I refueled, reset Moby back to “Honey,” took a deep breath and launched into the final climb.
IMPORTANT RIM-TO-RIM SAFETY TIPS No. 7-10: Do NOT attempt to hike from the Rim to the River in one day: This is a strenuous, two-day journey for most. Plan your hike so you are not hiking between 10AM and 4 PM. Almost all of the people who need assistance were on the trail during these hours. Over 250 people are rescued from the depths of the canyon each year according to the National Park Service. Do not exceed your normal level of physical activity and training. Avoid huffing and puffing: If you can talk while you are walking, you’re walking the perfect speed. The National Park Service posts these important safety tips so tourists, over-confident morons and well-meaning geeks with hiking poles won’t hurt themselves. If you plan to do a Rim-to-Rim hike, plan to throw these out the window, but plan accordingly. Don’t be afraid to scrap your trip if you have any doubts because once you’re in, you’re in. The only way out is up. But if you do decide to go…
I remember British tourists getting out of my way because I told them I was arriving from the North Rim and I needed to get to the trailhead. I remember a guy in a Florida Gators T-shirt and penny loafers asking me when and where I’d started from – and he, too, got out of my way. I remember seeing the sign at 6,860 feet: Bright Angel Trailhead. About 40 sightseers congregated on the stair-step stones of the overlook to watch the sunset. I rounded the final switchback and planted my poles in the crumbling limestone.
“I just came from the North Rim and I left this morning at 5:35! Somebody take my picture!”
They applauded (probably because they thought I was clinically insane), and a man in a tanktop jumped up and grabbed my camera.
I ran up the asphalt path to the plaza at the foot of Bright Angel Lodge. I hugged Kellee and Kristi, and checked the time on the iPod. 4:12 PM. Ten hours, 37 minutes.
A German tourist snapped our victory photo with the Grand Canyon spilling behind us and the North Rim Trailhead – a faint line of trees – shimmering 24 miles away in the haze. And then, key in hand, we walked back to the car.
Back at the car, Goat almost threw up. We bundled her into a blanket and urged her to drink water in spite of her nausea. She asked if we’d seen the mountain goats walking along the trail – they were right in front of her! Because she was afraid to stop, she had run out of water and hadn’t eaten since Indian Garden – about 2-1/2 hours ago. She hit what marathoners refer to as “the wall.” Duct Tape and I never saw the mountain goats – which is not to say they weren’t there.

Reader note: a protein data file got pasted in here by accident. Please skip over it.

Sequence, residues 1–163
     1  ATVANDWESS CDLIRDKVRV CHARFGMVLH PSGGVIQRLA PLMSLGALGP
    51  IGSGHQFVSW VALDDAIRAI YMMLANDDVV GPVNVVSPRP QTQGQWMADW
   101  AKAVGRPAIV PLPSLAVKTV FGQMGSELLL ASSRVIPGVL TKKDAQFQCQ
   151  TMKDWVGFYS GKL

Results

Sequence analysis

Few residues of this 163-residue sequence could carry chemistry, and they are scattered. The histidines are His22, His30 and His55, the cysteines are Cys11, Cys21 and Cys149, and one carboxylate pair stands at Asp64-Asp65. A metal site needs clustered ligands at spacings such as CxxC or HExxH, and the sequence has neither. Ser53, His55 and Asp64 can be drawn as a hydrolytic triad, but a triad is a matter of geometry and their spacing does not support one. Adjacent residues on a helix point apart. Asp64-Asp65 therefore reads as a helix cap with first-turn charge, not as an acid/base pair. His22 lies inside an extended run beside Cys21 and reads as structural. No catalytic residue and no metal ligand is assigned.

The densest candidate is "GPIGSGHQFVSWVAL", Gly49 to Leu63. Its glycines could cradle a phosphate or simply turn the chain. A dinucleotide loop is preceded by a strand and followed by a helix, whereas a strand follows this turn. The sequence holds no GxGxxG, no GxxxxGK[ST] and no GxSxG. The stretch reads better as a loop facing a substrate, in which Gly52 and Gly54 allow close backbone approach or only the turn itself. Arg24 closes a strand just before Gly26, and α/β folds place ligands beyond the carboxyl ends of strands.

Back at the car, Kristi smoked her first cigarette in a whole day – and it probably tasted as good as the cold Shiner Bock I had waiting for me. We compared foot injuries – my purplish toenails to her white blisters. At the time, her blisters looked – and felt – worse. Six days later, she’s wearing heels, and I have hot-pink bandages on my toes and a urine-specimen jar with extricated toenails on my countertop.
The next day, we all had trouble managing toilet skills. It goes something like this: Back up to the hotel-room receptacle (that strangely, in Tusayan, has a warning sign on the underside of the lid, which prohibits people from drinking the water because it is “reclaimed.”) Position self in a good drop zone. Begin to squat. Feel quadriceps revolt and plop down. Take care of business. Look for a handle to hoist self back up. If you’re not “Toes,” roll forward onto your knees and crawl away. If you are “Toes,” grab onto towel rack, pray that it holds and hoist yourself up because crawling would expose your toenails directly to the floor. Remind self to make appointment with podiatrist. Repeat as necessary.
Make plans to come back some time next year… Or maybe the year after that.

10 thoughts on “Team Limoncello Traverses Grand Canyon

  1. Holy Mule Chips! Team Limoncello ROCKS! This tale was hugely entertaining — I was weeping and stifling out-loud-laughter as I read this in the office!!! Toes – you are a rock star!

  2. Miss Stacy
    If I say “Bless your heart!” will you throw said urine-specimine jar at me?
    My admiration is incalculable – perfectly pedicured toes can wait til you’re too old for adventures – maybe.
    Can I use your story in my honors English class?

  3. “For the love of God make it stop” would of been appropriate and understood if you hollered it while contemplating becoming another victim of the canyon. Great job and fantastic story telling. Just remember, nobody beats a Stooks. Go “goat”.

  4. What an adventure for this armchair traveller. Team Limoncello did a great job! I am impressed with your amazing stamina. Hooray for the ladies !

  5. Congratulations, ladies. Nice story, Babe-o-rama … hope y’all are doing well.
    — Jay Robbins

  6. Stacy….what a great tale…even though I heard most accounts in person I loved reading this crazy tale again…
    As for the toenails…I can vouch their parting ways…after her podiatrist appt she came back to the office with a can of the offending little buggers and wondered if we all wanted to look at them…I immediately threw up a little in my mouth…
    Anyway…congrats Stacy and Team Limoncello…you are fantastic.

  7. Stacy…I felt your excitement and I felt your pain…loved every second of your story….Shine The Light Over Here!!!

  8. I loved reading your Rim 2 Rim account. You really do write very well.
    I wish I hadn’t read your posts about polyps. We really don’t know each other that well. I’m wondering if you’ve used that story in any of your NPR sales calls.
    I did try to use meeting you and Patrick in a recent sales call. But all I got was a blank stare, “Valerie who? Eddie who?”
    Again, you (and your former sister-in-law) are no Princess Leah…